Hundreds of miles inland from the booming real estate markets of Beijing and Shanghai, an unlikely property fever is gripping this middling industrial outpost.
Rows of half-completed apartment buildings rise over former farmland, each crowned with yellow construction cranes that seem to outnumber trees in parts of this dusty city of 5 million residents.
China’s real estate rush, once confined to a handful of leading cities, has spilled into the hinterlands with a ferocity reminiscent of American expansion into suburbs.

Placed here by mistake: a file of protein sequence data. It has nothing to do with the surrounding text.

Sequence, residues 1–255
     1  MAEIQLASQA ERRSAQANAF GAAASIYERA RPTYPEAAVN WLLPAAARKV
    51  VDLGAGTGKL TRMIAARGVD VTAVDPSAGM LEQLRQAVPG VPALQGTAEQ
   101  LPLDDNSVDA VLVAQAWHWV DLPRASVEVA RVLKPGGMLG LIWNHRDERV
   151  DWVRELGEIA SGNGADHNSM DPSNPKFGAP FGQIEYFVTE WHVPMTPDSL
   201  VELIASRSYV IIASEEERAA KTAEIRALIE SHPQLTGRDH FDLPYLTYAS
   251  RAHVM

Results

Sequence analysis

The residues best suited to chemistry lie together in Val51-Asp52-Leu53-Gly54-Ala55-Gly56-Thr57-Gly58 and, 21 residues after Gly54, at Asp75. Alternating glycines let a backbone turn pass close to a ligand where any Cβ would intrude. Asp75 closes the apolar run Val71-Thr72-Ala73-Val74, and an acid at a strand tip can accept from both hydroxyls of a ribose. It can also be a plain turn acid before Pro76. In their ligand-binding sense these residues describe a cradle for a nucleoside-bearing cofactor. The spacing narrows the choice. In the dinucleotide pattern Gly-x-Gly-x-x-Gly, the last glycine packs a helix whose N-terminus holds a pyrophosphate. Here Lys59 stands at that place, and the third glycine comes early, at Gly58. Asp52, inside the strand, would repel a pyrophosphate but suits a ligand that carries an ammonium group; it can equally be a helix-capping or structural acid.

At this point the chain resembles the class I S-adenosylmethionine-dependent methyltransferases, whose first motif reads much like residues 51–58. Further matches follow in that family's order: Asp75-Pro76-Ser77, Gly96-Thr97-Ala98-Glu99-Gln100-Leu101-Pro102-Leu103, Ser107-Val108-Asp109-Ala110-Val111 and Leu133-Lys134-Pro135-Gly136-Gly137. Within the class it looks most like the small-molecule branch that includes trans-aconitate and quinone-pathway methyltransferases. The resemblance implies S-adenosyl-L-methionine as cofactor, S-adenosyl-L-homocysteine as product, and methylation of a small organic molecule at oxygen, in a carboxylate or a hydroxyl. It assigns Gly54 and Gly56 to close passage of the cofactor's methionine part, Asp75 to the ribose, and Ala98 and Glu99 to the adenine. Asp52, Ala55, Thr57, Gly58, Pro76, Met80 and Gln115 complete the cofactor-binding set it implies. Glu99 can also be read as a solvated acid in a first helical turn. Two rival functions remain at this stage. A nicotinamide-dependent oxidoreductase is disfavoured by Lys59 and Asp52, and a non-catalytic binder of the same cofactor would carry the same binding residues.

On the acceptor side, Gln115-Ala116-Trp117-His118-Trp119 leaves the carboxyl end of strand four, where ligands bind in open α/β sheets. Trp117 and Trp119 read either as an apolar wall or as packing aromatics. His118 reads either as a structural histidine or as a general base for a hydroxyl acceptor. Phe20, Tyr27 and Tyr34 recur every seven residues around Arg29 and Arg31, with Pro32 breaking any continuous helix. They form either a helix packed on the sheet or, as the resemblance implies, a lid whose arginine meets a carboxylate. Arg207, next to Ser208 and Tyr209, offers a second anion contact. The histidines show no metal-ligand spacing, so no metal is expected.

In a country that economists say is treading dangerously close to a full-blown property bubble, Hefei represents more evidence of China’s headlong embrace of housing to power economic growth.
LA Times reported Cao Jianhai, a professor of economics at the Chinese Academy of Social Sciences, a government think tank, who said, "The situation in Hefei is a symbol of the craziness in China’s real estate market. Prices in second- and third-tier cities are increasing more dramatically than in the first tier. It’s very dangerous, and it puts local banks at risk."